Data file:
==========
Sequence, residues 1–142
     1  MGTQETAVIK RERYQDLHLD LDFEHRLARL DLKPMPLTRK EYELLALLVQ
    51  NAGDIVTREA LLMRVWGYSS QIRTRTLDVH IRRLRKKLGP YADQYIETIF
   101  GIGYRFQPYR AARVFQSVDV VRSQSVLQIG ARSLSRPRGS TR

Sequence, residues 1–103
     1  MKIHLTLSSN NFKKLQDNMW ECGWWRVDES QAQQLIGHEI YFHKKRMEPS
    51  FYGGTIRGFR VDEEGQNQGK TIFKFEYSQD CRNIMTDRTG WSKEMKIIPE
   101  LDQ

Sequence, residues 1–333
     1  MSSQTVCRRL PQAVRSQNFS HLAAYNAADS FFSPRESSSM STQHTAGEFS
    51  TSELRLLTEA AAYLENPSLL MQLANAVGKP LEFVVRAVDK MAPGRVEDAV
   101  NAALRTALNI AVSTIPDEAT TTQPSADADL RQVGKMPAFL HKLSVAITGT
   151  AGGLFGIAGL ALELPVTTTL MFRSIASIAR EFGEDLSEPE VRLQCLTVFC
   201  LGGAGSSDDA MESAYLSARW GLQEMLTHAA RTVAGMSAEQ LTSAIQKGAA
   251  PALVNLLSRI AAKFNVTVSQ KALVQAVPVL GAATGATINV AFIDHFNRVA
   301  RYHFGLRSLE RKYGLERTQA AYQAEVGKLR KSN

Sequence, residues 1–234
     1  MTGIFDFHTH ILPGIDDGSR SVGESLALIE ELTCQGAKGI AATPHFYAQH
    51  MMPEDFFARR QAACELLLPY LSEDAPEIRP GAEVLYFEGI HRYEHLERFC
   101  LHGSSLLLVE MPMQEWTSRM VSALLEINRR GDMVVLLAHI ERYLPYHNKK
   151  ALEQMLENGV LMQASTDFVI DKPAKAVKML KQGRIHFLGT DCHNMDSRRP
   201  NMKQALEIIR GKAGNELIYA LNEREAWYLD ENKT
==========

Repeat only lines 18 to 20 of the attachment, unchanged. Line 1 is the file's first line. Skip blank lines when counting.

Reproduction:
     1  MTGIFDFHTH ILPGIDDGSR SVGESLALIE ELTCQGAKGI AATPHFYAQH
    51  MMPEDFFARR QAACELLLPY LSEDAPEIRP GAEVLYFEGI HRYEHLERFC
   101  LHGSSLLLVE MPMQEWTSRM VSALLEINRR GDMVVLLAHI ERYLPYHNKK